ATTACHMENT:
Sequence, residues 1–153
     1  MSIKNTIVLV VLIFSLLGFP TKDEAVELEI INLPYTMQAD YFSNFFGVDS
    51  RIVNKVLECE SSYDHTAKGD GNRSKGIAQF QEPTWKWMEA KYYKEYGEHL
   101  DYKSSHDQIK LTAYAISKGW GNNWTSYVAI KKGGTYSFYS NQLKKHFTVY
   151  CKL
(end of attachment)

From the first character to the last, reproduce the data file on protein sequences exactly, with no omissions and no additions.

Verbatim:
Sequence, residues 1–153
     1  MSIKNTIVLV VLIFSLLGFP TKDEAVELEI INLPYTMQAD YFSNFFGVDS
    51  RIVNKVLECE SSYDHTAKGD GNRSKGIAQF QEPTWKWMEA KYYKEYGEHL
   101  DYKSSHDQIK LTAYAISKGW GNNWTSYVAI KKGGTYSFYS NQLKKHFTVY
   151  CKL